Bach’s name forms a musical motif. The German note B is equivalent to the English B-flat, and H indicates B natural. So if you revolve this cross counterclockwise, the note at the center takes successively the German values B (treble clef), A (tenor clef), C (alto clef), and H (treble clef).
Bach himself used the four-note motif as a subject in The Art of Fugue, and it’s appeared since in works by Schumann, Liszt, Rimsky-Korsakov, Poulenc, and Webern.
In 1991 Harvard’s music library discovered a lost canon of Mozart, the composer who Leonard Bernstein said offers “the spirit of compassion, of universal love, even of suffering — a spirit that knows no age, that belongs to all ages.”
It’s called “Lick Me in the Ass.”
Paralyzed in a fall in 1836, John Carter discovered a talent for art, holding a brush in his teeth and working in bed. The figures below are after Albrecht Dürer.
The Mona Lisa has no eyebrows.
In Vertumnus, Giuseppe Arcimboldo portrayed his patron Rudolf II as the Roman god of growth and change. Fortunately, Rudolf appreciated the metaphor and awarded Arcimboldo one of his highest orders.
One candidate for the world’s shortest play is The Exile, by Tristan Bernard.
The curtain rises on a mountaineer in a remote cabin. An exile knocks on the door.
EXILE: Whoever you are, have pity on a hunted man. There is a price on my head.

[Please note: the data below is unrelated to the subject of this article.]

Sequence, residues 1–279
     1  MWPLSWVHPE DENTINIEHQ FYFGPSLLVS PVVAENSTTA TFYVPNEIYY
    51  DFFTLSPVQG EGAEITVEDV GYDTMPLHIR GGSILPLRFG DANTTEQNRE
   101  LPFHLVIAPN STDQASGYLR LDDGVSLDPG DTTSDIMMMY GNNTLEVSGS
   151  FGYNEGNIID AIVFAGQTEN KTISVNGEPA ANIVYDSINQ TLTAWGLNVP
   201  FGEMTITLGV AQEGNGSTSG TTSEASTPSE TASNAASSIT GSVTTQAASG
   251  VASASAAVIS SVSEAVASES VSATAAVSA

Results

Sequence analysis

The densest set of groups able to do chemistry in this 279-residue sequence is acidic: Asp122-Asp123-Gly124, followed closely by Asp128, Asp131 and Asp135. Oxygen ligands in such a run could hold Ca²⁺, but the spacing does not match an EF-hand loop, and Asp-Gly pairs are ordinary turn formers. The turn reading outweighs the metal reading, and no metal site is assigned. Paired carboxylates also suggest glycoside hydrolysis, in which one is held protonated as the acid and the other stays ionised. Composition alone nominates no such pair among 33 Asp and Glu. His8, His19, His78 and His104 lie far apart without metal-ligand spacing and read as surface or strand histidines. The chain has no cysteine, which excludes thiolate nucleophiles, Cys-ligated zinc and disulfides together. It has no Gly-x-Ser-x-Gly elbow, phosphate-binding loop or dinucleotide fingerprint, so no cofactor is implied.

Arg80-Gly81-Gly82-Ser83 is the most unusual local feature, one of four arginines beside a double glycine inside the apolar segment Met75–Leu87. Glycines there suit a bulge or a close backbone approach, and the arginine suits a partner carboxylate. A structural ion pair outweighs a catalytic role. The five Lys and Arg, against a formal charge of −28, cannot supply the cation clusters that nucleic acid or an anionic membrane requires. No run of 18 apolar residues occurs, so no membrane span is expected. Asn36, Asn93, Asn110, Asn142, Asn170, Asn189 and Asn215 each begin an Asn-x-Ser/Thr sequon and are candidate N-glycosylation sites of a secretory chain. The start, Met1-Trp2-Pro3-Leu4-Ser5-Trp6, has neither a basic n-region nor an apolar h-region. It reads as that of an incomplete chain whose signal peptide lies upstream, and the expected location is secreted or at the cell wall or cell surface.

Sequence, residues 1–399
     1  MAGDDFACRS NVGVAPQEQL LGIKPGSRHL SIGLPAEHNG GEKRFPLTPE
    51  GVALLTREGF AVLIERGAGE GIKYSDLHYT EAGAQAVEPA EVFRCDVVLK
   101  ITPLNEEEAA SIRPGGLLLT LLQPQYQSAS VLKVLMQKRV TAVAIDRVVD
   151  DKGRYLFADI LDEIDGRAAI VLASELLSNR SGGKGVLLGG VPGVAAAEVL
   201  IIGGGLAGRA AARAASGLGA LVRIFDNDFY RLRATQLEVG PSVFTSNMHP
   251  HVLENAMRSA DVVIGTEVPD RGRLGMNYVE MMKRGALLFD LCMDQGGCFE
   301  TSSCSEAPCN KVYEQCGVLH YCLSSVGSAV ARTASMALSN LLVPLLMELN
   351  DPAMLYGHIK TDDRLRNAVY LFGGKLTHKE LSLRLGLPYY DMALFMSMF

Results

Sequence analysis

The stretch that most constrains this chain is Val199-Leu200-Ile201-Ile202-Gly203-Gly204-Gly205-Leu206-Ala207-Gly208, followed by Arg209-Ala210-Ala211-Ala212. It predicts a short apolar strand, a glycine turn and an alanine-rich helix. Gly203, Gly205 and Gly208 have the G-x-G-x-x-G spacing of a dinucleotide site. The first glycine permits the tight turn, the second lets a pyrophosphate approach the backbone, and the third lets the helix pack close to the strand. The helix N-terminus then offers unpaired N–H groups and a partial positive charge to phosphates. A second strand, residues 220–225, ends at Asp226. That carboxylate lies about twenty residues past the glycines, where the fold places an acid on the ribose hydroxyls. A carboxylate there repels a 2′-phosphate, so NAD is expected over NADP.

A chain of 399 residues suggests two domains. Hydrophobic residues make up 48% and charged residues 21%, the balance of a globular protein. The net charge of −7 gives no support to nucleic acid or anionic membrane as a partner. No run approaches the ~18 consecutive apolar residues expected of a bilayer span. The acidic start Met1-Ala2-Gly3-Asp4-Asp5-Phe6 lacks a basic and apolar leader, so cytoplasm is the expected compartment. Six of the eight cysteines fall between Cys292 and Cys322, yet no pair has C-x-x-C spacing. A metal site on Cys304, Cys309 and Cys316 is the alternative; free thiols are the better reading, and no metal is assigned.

MOUNTAINEER: How much?
The curtain falls.
But shorter still may be Samuel Beckett’s 1969 play Breath, which lasts 35 seconds. As we view a bare, litter-strewn stage, we hear a baby’s cry, a person inhaling once and then exhaling, and then another cry. At the play’s West End debut, one audience member said, “I just want to put on record that I thought the whole evening was completely bogus and pretentious.”
The great thing about Gustave Verbeek’s comic strips is that when you reach the end of a page, you can invert it to see the story continue.
He created 64 such comics for the New York Herald between 1903 and 1905.
The Isle of Dogs. An 18th-century engraving.
This 1872 Currier and Ives print is titled The Puzzled Fox: Find the Horse, Lamb, Wild Boar, Men’s and Women’s Faces. There are eight human and animal faces hidden in the scene. Can you find them?
Ironically, the birds that are visible have now disappeared — they’re passenger pigeons.
Most expensive paintings (sale prices expressed in dollars and adjusted for inflation):
- No. 5, 1948, Jackson Pollock: $142.7 million (2006)
- Woman III, Willem de Kooning: $140.2 million (2006)
- Portrait of Adele Bloch-Bauer I, Gustav Klimt: $137.6 million (2006)
- Portrait of Dr. Gachet, Vincent van Gogh: $129.7 million (1990)
- Bal au moulin de la Galette, Montmartre, Pierre-Auguste Renoir: $122.8 million (1990)
- GarÃ§on Ã la pipe, Pablo Picasso: $113.4 million (2004)
- Irises, Vincent van Gogh: $97.5 million (1987)
- Dora Maar au Chat, Pablo Picasso: $97.0 million (2006)
- Portrait de l’artiste sans barbe, Vincent van Gogh: $90.1 million (1998)
- Portrait of Adele Bloch-Bauer II, Gustav Klimt: $89.1 million (2006)
Japanese industrialist Ryoei Saito bought both #4 and #5 in 1990 and then announced he would have them burned during his cremation. Perhaps fortunately, he later ran into financial difficulties and was forced to sell them.
Someone once asked Jean Cocteau, “Suppose your house were on fire and you could remove only one thing. What would you take?”
Cocteau considered, then said, “I would take the fire.”
Finland’s national painting is Hugo Simberg’s The Wounded Angel.
Simberg refused to explain its meaning … but it was his favorite work.